3. Arti April 7, 2011 at 7:16 am - Reply

    Great photos! Loved the statue exhibit and i am glad the shoes were behind glasses 😉

  4. Mette Christensen April 7, 2011 at 7:17 am - Reply

    It’s amazing how many places the Romans have left their mark.

  5. robin April 7, 2011 at 9:49 am - Reply

    On the basis that you get to dress up as a soldier – I’m sold!

    No soldier costume, no dice!

  6. Laurel April 7, 2011 at 9:55 am - Reply

    @Arti – Thanks and I was also happy to see the shoes were behind glass.

    @Mette – I think that’s what surprised me the most and being from Canada I don’t have the same sense of history about it as Europeans do.

    @Robin – You’re a tough crowd 🙂

  7. Debbie Beardsley April 7, 2011 at 6:02 pm - Reply

    The Roman costumes are great!

    I had no clue there were Roman ruins in Germany until a few years ago when I was reading about Trier. I knew the Romans were in France and England but Germany, who knew? Trier is also a very interesting place for Roman ruins and I highly recommend getting there by driving along the Moselle sampling wine along the way 🙂

  8. inka April 7, 2011 at 7:27 pm - Reply

    That dressing up is fun and I agree, the shoes are the most impressive exhibits.

  9. Jozef @ Where Now April 8, 2011 at 1:48 am - Reply

    Looks great! can’t beat a good archaeological site really interesting!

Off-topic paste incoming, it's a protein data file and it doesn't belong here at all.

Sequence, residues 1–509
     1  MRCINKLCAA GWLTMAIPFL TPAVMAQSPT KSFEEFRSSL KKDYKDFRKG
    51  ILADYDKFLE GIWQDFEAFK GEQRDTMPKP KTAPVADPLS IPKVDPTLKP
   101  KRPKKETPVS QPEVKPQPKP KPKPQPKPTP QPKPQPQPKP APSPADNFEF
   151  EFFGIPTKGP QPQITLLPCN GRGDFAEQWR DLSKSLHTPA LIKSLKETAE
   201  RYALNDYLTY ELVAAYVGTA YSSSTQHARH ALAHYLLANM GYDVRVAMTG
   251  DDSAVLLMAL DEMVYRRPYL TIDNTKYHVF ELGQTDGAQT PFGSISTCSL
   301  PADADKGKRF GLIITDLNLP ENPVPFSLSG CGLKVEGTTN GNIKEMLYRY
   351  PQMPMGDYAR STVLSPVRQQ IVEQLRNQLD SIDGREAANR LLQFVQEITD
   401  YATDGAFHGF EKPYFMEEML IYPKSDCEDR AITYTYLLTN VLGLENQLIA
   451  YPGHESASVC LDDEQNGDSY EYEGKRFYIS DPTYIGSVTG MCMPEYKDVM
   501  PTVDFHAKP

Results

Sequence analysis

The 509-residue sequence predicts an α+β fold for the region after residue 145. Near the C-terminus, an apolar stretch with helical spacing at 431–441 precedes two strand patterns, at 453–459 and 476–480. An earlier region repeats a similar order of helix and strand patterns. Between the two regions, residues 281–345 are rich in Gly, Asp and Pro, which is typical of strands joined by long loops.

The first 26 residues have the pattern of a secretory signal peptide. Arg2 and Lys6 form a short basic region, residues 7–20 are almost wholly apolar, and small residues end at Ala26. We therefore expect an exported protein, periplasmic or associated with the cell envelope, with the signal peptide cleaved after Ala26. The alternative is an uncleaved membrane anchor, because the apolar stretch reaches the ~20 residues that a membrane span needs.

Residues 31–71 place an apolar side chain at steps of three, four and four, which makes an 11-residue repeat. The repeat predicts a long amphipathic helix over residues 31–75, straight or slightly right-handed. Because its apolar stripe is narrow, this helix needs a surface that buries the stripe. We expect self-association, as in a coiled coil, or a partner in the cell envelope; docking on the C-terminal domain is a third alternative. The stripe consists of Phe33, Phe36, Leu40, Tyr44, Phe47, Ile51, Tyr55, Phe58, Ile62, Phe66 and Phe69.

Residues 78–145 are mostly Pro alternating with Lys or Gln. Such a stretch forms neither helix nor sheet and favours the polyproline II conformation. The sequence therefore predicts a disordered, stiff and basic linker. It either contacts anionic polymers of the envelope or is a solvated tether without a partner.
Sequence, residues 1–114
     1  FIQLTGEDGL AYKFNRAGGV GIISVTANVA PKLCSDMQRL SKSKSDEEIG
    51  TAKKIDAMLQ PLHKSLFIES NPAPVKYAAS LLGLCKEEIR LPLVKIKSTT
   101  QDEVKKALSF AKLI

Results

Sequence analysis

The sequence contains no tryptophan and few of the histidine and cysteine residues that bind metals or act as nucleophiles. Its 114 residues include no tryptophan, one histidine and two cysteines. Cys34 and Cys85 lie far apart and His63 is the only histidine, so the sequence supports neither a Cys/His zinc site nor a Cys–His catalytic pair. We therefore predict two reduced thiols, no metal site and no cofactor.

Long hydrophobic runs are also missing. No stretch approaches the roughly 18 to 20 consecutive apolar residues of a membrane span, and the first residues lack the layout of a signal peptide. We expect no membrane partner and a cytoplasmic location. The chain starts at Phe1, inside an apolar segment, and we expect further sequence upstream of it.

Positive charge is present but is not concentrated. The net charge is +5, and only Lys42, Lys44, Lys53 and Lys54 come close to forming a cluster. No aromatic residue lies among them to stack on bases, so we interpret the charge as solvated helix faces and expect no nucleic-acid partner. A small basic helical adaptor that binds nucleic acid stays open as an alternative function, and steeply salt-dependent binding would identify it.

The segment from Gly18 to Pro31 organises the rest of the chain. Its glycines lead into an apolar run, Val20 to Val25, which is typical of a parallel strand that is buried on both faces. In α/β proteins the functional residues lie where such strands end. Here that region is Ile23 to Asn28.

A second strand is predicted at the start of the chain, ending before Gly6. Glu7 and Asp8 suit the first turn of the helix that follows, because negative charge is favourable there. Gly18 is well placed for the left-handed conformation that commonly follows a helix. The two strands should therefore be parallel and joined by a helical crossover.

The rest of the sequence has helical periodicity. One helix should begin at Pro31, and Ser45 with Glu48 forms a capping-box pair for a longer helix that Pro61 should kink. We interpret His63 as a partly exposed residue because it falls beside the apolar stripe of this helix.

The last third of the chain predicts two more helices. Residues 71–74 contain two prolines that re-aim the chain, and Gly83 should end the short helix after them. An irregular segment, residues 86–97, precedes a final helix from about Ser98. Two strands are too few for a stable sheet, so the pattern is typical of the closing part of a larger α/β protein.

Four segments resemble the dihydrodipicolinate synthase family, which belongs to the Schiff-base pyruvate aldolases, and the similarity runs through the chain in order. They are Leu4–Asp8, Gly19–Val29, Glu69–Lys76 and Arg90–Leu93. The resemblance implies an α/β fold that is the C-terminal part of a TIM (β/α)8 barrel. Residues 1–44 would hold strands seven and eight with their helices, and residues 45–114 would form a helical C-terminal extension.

10. Andrew April 8, 2011 at 4:59 pm - Reply

    Neato. I’ve seen pieces of ruins in Baden Baden and some of the stuff at Trier. Maybe I’ll have to make my way out to Aalen at some point. Although at 3.5-4 hours on the Train from Freiburg, maybe need to be combined with something else. Hmm. Thanks for sharing.

  11. Laurel April 9, 2011 at 11:09 am - Reply

    @Debbie – Thanks for the recommendation! We’re planning a trip to Trier in June as J.P. has a cousin there and I’ve heard it’s beautiful and if I can sample wine along the way, all the better 🙂

    @Inka – I think we enjoyed dressing up more than the kids did 🙂

    @Jozef – It’s incredible how old it is.

    @Andrew – I’m sure you could some that are closer as they run for 550km. I believe the biggest Roman musuem is in Saarsland, but haven’t been there yet.